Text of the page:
Motion Unlikely On Bills to Stem Producing Flight
By DARRELL SATZMAN
It’s looking like wait ’til next year for backers of legislation to stem runaway production.
With little more than a week to go before Congress is scheduled to adjourn, time is running out for a bill that would provide wage-based tax credits to productions with budgets of $10 million or less that are filmed entirely in the United States.
State legislation that would have provided similar tax credits to productions at least half made in California was defeated in September.
Led by Sen. Blanche Lincoln, D-Ark., supporters are making a last-ditch effort to attach Senate Bill 1278, known as the United States Independent Production Incentive Act, to a comprehensive small business tax bill that could be considered before the Senate breaks on Oct. 18. However, given the crowded congressional agenda, a vote on the bill this year is not a certainty.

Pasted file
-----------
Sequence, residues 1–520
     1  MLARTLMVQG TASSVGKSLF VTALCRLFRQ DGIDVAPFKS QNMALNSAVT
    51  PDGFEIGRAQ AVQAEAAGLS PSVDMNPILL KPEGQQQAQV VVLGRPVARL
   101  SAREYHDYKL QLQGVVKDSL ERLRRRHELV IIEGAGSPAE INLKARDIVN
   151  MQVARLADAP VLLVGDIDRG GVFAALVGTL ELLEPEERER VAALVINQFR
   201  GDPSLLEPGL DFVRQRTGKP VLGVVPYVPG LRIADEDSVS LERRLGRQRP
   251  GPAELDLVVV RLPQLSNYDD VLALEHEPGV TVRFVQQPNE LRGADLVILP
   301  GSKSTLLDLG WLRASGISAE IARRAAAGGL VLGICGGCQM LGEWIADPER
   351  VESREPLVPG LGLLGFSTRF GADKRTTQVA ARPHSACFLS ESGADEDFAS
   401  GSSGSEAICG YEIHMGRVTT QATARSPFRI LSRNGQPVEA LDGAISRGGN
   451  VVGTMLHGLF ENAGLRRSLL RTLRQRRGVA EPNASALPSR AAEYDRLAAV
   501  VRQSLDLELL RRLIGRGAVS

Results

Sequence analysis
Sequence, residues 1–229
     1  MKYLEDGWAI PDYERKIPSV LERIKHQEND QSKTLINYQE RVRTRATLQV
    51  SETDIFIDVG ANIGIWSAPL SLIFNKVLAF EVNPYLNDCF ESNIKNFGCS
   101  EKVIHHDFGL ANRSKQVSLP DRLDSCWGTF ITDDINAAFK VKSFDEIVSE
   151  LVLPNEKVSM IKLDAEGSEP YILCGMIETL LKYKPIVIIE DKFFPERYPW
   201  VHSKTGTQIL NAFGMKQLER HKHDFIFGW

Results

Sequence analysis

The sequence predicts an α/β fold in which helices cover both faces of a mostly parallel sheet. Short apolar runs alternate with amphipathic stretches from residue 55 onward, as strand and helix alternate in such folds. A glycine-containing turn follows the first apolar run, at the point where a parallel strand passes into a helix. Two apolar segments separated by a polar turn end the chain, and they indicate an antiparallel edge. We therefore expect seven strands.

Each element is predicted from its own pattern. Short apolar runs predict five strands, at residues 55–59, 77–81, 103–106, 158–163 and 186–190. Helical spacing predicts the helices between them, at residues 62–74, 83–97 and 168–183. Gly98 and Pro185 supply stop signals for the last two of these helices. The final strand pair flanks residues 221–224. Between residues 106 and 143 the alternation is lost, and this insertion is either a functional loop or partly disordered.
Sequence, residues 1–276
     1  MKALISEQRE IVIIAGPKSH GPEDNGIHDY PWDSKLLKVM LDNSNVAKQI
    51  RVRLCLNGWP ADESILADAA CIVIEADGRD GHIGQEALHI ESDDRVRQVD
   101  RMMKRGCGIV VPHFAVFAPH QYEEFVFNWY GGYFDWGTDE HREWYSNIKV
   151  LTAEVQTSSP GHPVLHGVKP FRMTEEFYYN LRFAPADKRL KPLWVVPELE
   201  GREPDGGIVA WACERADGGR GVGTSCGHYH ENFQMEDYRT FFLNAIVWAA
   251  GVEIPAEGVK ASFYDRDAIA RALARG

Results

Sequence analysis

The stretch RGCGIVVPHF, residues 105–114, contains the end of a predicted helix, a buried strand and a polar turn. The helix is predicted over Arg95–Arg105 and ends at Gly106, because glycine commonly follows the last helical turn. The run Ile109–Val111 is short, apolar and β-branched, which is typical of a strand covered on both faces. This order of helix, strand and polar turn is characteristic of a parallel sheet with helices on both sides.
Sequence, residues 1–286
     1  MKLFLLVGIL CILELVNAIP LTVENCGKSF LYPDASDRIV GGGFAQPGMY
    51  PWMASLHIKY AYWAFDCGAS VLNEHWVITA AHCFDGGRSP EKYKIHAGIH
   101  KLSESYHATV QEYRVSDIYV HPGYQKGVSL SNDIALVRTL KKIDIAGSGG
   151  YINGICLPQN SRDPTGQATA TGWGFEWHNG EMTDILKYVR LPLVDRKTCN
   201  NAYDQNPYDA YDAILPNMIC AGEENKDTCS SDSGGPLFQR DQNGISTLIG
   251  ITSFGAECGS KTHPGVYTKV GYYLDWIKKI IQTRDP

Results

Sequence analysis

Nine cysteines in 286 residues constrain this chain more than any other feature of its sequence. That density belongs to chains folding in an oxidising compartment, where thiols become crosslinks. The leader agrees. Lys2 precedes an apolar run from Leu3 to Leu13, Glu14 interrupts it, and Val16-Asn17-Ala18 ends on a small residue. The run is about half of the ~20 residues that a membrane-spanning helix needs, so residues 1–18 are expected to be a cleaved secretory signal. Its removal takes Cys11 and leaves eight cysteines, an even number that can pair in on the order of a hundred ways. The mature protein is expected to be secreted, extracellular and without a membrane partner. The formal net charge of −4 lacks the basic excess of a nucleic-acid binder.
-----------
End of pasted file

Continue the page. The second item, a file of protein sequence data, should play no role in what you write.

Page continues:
If it gets through the Senate, the legislation must be reconciled with a companion runaway production bill in the House, authored by Rep. Howard Berman, D-Van Nuys, among others. That bill has been in Ways and Means Committee for nearly a year waiting to be attached to a larger tax bill.
Pamm Fair, national deputy director of policy and planning for the Screen Actors Guild, said, “We’re still hopeful, but we’re also realistic.”
Supporters say the demise of the California legislation, which would have provided a 15 percent tax credit on the first $25,000 of a workers’ salary, was directly tied to the state budget crisis. With the state deficit expected to grow in 2003, prospects for passage next year would seem dim as well.